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My name is Olivia Rock. I am currently a sophomore at the University of Redlands majoring in Psychology and Liberal Studies in order to get my multiple-subject and single-subject teaching credentials. I have a passion for teaching and I would love the opportunity to gain experience to better prepare myself for my future career. Currently, I am taking courses that specialize in teaching math and English to the Common Core standards, in being present in classrooms, and in learning the laws and basics of education. I have had experience working with students one-on-one and in groups in order to help them better understand material. Also, I have had experience teaching english to students abroad which gave me the unique opportunity to teach in front of classes with students from ages 6 to 18. Outside of the classroom, my favorite thing to do is swim. I have been swimming competitively for fifteen years and am swimming for my University. I also enjoy hiking, being outdoors, reading, and hanging out with my friends. I am very interested in psychology, education, and travel. I am excited to learn more about you, and I look forward to working with you in order to help you succeed in your classes.

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Olivia’s Qualifications

Education & Certification

Undergraduate Degree: University of Redlands - Current Undergrad, Psychology and Liberal Studies (Getting teaching credentials)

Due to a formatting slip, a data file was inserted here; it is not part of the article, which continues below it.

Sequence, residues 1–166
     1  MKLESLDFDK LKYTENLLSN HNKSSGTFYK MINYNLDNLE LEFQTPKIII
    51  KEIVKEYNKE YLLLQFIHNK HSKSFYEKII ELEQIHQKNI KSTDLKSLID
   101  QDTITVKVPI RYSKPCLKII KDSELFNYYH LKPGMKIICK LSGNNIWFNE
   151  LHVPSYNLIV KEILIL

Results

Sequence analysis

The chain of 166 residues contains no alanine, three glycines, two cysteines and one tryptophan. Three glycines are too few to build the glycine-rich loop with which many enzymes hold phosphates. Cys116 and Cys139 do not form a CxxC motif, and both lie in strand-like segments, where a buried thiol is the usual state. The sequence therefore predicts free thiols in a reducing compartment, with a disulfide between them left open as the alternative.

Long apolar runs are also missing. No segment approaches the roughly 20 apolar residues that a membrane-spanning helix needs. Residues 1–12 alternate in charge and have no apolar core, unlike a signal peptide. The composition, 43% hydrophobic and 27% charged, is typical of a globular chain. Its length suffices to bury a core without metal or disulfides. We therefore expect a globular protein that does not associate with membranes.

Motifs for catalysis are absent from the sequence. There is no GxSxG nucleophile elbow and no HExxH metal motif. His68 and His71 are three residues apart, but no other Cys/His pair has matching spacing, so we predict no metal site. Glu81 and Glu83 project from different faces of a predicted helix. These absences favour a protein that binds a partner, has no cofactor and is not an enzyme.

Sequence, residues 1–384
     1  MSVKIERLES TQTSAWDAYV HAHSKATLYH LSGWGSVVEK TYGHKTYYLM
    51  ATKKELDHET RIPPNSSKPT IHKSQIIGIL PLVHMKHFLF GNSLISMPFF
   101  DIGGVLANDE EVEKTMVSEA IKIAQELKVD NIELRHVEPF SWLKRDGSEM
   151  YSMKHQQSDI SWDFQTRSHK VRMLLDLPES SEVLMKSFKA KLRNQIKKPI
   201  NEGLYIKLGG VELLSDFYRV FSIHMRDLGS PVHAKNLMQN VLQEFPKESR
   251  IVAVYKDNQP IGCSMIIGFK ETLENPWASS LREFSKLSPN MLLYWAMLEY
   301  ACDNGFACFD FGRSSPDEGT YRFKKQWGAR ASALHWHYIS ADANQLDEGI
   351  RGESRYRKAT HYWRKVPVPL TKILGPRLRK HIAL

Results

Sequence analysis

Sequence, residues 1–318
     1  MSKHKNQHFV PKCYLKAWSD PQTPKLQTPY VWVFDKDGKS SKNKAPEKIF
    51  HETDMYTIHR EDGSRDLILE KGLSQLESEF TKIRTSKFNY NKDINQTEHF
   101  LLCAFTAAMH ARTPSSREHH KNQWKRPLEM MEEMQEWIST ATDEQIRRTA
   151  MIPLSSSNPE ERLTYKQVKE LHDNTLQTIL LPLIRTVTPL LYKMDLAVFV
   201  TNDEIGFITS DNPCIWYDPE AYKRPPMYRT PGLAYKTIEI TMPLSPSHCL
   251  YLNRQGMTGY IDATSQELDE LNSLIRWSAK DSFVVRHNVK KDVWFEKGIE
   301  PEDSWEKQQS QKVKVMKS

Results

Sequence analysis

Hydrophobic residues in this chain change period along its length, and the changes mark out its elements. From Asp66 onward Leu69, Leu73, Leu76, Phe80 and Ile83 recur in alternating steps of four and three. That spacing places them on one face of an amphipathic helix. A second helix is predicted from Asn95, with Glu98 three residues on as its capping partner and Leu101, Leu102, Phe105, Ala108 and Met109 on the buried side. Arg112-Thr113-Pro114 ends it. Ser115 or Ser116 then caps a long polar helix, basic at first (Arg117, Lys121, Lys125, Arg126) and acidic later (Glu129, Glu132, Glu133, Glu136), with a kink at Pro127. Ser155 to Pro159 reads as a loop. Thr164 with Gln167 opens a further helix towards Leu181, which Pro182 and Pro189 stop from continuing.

Test Scores

ACT Reading: 32


Swimming, hiking, psychology, education, volunteering, travel, and being with friends.

Tutoring Subjects

ACT Prep


College English

Elementary Math

Elementary School Math


Essay Editing

High School English

Homework Support


Middle School Math




Study Skills

Study Skills and Organization



Q & A

What is your teaching philosophy?

As a teacher, it is my job to be a support system for my students and to acknowledge their successes. I will help them find the light in their darkest moments and I will praise their achievements when they've embraced their light. There is no such thing as a student who cannot learn. It is my job to figure out why some don't...and teach them.

What might you do in a typical first session with a student?

I believe that it is extremely important as an educator to get to know the students, so in a first session I want to learn about the student. I want to know their interests, hobbies, passions, and I want to know what they are struggling with. Together we can identify what needs to be worked on and how we should approach them.